6 Latin America s small and medium-sized enterprises: the organisational challenge to a more elaborate, networked division of managerial responsibility involving clear separation and coordination of senior managerial roles. In contemporary corporations, this typically involves a chief executive officer (CEO) in charge of overall strategy and (usually) investor relations, a chief operating officer (COO) who manages day-to-day operations, a chief financial officer (CFO) in charge of overseeing payments, accounts, payroll and revenue inflows, and a chief technology officer (CTO) who oversees research and product development. Local firms that remain privately held may still resist raising the functional importance of finance and R&D Given their experience, branches or subsidiaries of multinationals may have the easiest time moving to this model and adopting these roles in their Latin American operations. Yet they still face the task of finding appropriate talent to fulfil what are ever-shifting roles, and adapting those roles to different local regulations and business norms. For their part, those SMEs that are now publicly traded (and that often have an overseas presence as well) have been pushed towards such modern management structures by shareholders and the listing requirements of international and local exchange, among other factors. Yet local firms that remain privately held may still resist raising the functional importance of finance and R&D. They may choose instead like the Alpina example in Colombia discussed in the case study on page 7 simply to separate the chief executive and chief operating roles (which traditionally tended to be fused or blurred) without creating the new titles and bundles of once discrete functions implied by COOs and CTOs or their equivalents. Regardless of how they structure their businesses, publicly traded local firms and privately held businesses alike must join their multinational counterparts in beginning to recruit from outside their ranks and the close-knit personal business cliques that have traditionally predominated in the region indeed, sometimes outside even their national borders. Our survey finds that, in fact, meaningful progress is being made towards greater reliance on an emerging marketplace for executive talent search firms or third-party vendors was the most common response to a question about the source of senior management talent Which of the following statements best describes your firm s most successful innovation brought to market within the last five years? Developed by a local research team within Latin America 3 Developed by a global team of researchers from Latin America and other countries 19% Our operations have yet to develop a successful innovation for the Latin American market Acquired an existing product within Latin America and improved it 13% Developed by a research team located outside Latin America 10% Don t know 6% (49%, where respondents were asked to choose three from a list of ten). As recently as a decade ago, such a response would have been much less frequent. It is also somewhat telling that succession planning (25%) still ranked sixth among the ten possible responses about sources of senior talent. It reveals the extent to which family ownership still prevails, but also what are in principle promising efforts to deal with the thorny issue of succession, which is typically the Achilles heel of family-owned and operated firms. 6 The Economist Intelligence Unit 2008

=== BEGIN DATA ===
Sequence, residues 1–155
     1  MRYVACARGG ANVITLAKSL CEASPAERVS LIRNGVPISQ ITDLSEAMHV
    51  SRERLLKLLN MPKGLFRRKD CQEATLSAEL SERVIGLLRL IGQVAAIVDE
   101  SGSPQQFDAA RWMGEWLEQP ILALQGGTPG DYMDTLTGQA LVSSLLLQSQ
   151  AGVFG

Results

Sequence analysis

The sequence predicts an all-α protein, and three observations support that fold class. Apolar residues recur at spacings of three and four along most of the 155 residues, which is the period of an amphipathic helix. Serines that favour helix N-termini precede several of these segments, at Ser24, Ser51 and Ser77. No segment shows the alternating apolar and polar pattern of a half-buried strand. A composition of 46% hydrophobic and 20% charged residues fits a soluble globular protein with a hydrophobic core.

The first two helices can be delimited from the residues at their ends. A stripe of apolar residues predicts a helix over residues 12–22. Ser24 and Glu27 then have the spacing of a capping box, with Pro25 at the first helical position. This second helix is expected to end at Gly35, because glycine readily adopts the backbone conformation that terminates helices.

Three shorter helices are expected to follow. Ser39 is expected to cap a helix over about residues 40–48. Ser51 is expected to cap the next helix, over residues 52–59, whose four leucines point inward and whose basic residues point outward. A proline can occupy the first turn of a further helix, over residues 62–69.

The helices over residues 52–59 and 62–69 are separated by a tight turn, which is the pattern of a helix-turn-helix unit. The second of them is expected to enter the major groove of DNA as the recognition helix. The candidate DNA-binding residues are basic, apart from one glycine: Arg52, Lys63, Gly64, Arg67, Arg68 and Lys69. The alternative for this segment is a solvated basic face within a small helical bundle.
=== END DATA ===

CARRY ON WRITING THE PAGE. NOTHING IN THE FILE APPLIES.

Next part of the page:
7 Latin America s small and medium-sized enterprises: the organisational challenge But how can firms learn how best to reorganise, and who can assist them in the process? The answer again would seem to depend in part on the type of firm in question. Foreign subsidiaries may rely heavily on templates and best practices developed within their global parents, but they must still adapt them to local laws, customs and business environments. This may entail use of business consultancies that attempt to act as bridges between international experience and local adaptation. Nationally owned firms may have as much to learn by engaging such consultancies as their foreign counterparts. A second source may be the large multinationals that take minority stakes in local firms, are key buyers of their goods and services through subcontracting or outsourcing, or otherwise have key relationships with them. These large multinationals may demand or at least encourage local partners to reorganise along corporate lines with which they are already familiar in global practice. If they are sufficiently invested in these relationships, they may also provide specific guidance as to how to do so. Whatever the immediate source of the advice, pressure and guidance, two other sets of actors can and also should play a key role in assisting firms indirectly or directly in obtaining assistance: business associations and governments. Such entities can pool resources and perhaps secure advice that is lower in cost and more tailored to the specifics of the sectors or regions in which their members operate. For example, as Mr Lemoine notes, business chambers in Colombia often play a key role in helping members to obtain advice about strategic, organisational and technical issues. Governments have in many ways contributed to competitive problems, whether through regulatory obstacles or benign neglect towards the organisational challenges faced by locally owned or based firms as they deal with the consequences of globalisation and rapid commercial opening resulting from national trade policies and international trade agreements. Yet they can also help firms to address these problems, particularly if they work with business associations or private consultancies and seek to A family firm modernises management to go global Alpina Productos Lácteos, a Colombian maker of milk, yogurt, cheese and other dairy products, is a good example of a traditional locally owned firm that has sought to modernise its management structure and operations with apparent market success, while remaining privately held and sticking to a relatively simple top corporate structure. The company, originally founded by two Swiss émigrés in the 1940s, operates factories in Colombia, Ecuador and Venezuela. It currently sells products in 20 additional markets based on a recent export drive, including the United States, Canada, Italy and Spain, as well as 16 other Latin American countries. According to Mr Lemoine of the Centro Nacional de Consultoría in Bogotá, the firm received advice in financial management, export finance and other areas from Colombian consulting firms when it moved to expand exports in recent years. The current president (aka CEO) is Julian Jaramillo Escobar, who was recruited in 2005 because of his financial sector background. (The firm does not list a CFO or CTO on its website or other company documents, only a president and a managing director.) In 2007 Alpina took over an Ecuadorian dairy company and the Ecuadorian assets of a Dutch firm. In addition, it has since announced its intention to acquire a US yogurt maker in order to set up production to serve the Latino and Colombian populations in the Tri-State New York area. n The Economist Intelligence Unit